Last night you carefully took a wipe out of the package and washed my face with it, for about an hour. Your technique was interesting. You balled it up in one hand, then used your knuckles to reinforce the pressure of the wipe, starting with my teeth and working your way up to my eyeballs. The result was effective, but painful. It was so cute, however that I was helpless. I've never had my face washed with so much love.
This seems to be the way you are at fourteen months. Funny, forceful, and incredibly loving. When I ask you where your nose is, you put your finger in your nostril as far as it will go, as if to say, "Nose? You want NOSE?" Okay, okay, I say. I see that you know where your nose is. When you are frustrated, or want something, or even if you see me all the way across the Land on a foggy day, your response is to yell. My son, you are incredibly loud. You got your lungs from your Dad, I think, although he might say differently, I don't know. We've been working on the yelling thing, simply because it grates on my nerves to the point that I end up curled in a ball on the floor. So, we're working on reminding you to use your sign language, which you do very nicely, after you've already yelled. But more and more you say please first, and this makes me very, very happy.
You can also talk now! My baby, talking. You say ABADU! Or ABADUBADUBADU! for apple juice, ricemilk, or water. This was also one of the first things that your brother and sister learned to say. Kid A said "Ajeju" and the YaYa Sister said "Bapadu" but what is similar about the three of you is the reverence in your eyes when you are drinking whatever beverage I have handed you. Your eyes glaze over, you look off into the distance. The three of you are like monks, sometimes, holding your sippy cups and sitting in a circle while time stops for you and your meditation of choice. You also say please, while you beat your chest with your hand to show that you know the sign language, and your please comes out sounding like PAZ! You say UP and AWDUH, which means all done, and you say MO for more and you like to chuckle to yourself and say NO NO while you touch the things that you know you aren't allowed to touch.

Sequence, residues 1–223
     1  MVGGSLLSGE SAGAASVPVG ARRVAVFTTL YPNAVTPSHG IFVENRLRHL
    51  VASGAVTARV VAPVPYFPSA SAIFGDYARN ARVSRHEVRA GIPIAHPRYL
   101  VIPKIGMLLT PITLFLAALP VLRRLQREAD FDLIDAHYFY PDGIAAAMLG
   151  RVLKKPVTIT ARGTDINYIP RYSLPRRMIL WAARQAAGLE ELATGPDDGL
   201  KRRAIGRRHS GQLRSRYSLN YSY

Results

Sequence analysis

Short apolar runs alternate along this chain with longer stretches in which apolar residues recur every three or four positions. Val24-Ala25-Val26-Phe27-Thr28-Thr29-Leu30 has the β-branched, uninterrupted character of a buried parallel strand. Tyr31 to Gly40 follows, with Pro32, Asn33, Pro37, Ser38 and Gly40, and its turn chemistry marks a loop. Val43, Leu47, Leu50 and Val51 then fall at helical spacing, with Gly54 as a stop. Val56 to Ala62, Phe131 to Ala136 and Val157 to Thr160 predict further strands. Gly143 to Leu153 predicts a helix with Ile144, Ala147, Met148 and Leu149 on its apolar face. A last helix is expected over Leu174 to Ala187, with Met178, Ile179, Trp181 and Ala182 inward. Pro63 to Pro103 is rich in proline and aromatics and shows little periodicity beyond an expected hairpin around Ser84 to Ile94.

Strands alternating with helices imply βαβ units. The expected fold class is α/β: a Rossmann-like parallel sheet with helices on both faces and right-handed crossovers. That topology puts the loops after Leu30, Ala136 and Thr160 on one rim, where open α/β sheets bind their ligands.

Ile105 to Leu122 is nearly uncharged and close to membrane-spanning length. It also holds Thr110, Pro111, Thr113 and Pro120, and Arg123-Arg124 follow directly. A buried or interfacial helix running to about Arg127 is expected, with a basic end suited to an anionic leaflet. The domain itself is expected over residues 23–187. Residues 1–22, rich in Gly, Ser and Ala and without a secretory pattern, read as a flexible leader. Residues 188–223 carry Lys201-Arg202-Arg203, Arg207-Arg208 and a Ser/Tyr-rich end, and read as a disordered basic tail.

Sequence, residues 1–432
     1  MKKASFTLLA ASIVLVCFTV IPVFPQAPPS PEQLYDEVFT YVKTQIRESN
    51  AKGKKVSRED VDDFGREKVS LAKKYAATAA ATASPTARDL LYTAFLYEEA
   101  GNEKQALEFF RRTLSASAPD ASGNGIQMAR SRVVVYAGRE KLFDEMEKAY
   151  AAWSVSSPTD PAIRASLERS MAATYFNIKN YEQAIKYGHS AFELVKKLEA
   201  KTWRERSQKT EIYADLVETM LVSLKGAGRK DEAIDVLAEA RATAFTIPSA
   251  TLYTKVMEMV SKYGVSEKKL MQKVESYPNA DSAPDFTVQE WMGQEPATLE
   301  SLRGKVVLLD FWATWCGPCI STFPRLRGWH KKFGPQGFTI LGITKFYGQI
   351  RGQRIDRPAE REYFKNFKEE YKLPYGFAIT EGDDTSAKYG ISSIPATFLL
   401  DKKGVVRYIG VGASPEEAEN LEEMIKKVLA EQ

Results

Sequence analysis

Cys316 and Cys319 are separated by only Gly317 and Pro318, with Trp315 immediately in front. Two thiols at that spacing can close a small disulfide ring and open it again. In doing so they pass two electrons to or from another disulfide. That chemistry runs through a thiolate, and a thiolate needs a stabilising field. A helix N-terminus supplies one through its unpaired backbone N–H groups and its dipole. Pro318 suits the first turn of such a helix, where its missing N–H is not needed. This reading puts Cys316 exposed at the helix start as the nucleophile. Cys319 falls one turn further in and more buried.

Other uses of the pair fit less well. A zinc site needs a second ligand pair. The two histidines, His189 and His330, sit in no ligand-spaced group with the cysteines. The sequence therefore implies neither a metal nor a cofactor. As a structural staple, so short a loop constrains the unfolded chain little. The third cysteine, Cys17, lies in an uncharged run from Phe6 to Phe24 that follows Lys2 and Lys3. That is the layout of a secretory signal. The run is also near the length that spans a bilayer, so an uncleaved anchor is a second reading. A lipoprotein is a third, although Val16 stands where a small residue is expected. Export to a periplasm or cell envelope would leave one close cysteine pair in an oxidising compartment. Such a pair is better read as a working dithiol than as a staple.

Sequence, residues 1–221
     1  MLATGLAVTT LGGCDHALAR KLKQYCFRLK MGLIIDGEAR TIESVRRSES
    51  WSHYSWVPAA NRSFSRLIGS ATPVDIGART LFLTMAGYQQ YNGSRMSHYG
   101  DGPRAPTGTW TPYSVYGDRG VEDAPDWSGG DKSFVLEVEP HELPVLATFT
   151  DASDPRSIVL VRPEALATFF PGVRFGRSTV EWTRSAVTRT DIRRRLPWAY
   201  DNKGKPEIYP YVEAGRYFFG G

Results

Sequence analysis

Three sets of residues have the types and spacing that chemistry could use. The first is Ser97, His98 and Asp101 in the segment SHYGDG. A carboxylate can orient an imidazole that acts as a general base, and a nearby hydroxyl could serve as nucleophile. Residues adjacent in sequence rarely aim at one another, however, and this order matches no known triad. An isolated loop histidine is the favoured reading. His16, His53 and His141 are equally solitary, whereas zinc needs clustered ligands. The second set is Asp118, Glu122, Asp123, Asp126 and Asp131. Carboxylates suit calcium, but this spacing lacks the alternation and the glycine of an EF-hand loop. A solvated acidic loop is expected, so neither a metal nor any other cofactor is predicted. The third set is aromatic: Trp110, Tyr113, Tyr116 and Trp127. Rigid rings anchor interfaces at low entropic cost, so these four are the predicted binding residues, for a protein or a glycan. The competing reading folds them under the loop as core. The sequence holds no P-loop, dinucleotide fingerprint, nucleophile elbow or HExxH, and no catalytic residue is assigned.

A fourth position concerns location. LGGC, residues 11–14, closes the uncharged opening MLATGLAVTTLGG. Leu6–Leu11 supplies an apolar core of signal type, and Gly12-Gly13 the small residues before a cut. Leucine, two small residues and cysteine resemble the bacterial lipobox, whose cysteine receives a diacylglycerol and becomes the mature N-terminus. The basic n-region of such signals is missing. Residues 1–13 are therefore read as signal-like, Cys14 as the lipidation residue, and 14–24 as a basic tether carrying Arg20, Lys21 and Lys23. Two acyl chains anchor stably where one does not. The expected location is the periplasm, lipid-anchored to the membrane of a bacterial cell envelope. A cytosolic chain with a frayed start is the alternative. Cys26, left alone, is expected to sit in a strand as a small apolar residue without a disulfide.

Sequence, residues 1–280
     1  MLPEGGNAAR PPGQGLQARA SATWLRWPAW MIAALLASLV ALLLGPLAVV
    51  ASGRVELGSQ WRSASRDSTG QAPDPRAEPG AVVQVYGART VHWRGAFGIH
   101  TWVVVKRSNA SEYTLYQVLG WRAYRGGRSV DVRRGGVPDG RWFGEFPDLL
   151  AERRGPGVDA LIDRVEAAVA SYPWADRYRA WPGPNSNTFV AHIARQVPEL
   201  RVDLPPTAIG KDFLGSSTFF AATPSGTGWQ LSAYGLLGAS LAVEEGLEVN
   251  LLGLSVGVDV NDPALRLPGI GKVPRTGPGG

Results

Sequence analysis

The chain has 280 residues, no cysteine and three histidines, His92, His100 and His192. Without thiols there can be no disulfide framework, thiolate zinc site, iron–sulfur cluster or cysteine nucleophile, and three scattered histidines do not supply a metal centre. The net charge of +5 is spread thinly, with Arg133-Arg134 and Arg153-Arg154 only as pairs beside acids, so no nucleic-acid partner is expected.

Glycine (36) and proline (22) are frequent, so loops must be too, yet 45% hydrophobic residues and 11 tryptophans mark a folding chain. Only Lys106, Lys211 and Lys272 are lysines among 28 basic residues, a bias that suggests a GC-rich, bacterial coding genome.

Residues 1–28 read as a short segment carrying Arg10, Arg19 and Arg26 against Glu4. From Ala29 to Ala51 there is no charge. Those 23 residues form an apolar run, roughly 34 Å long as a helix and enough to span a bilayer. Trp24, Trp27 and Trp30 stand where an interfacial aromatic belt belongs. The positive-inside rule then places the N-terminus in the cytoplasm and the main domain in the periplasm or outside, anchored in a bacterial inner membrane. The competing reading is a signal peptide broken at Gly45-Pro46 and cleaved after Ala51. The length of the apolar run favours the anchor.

You say Dada, for your dad. And you also say Dada for me. No matter how hard we try to teach you to say Mama, you still yell DADA! when you want me, which is pretty much all the time. I'm choosing to see this as proof of our parental solidarity, rather than any kind of insult to my maternal nature. You've also begun to walk, although you mostly choose to crawl, the other day you took eight steps towards me. You have this little walker thing that was passed down by a friend, and you walk it around the house, parking it to look at interesting things like Daddy's tablas or food that has been dropped by a sibling, then grabbing it again when you want to drive off. It's pretty much unbearable in cuteness.
I don't know, Leaf, you are just larger than life. You make every day so much better for all of us. When I open the door in the morning, after you've woken up, your face over the top of your crib tells me that it's going to be alright. You love to cuddle, saying UGUGUG, for hug, when you want to hug me tightly, patting me on the back, well, forcefully. Then you love to push yourself away, immediately, not even five seconds later. You are a weeble wobble, a teeter totter, in between independance and need. We are on the cusp, dearest. You are quickly becoming not-a-baby. Please stop.
You light up our lives, Leaf of the silly faces and amazing sense of humor and big hugs and smiles in the morning. We all love you.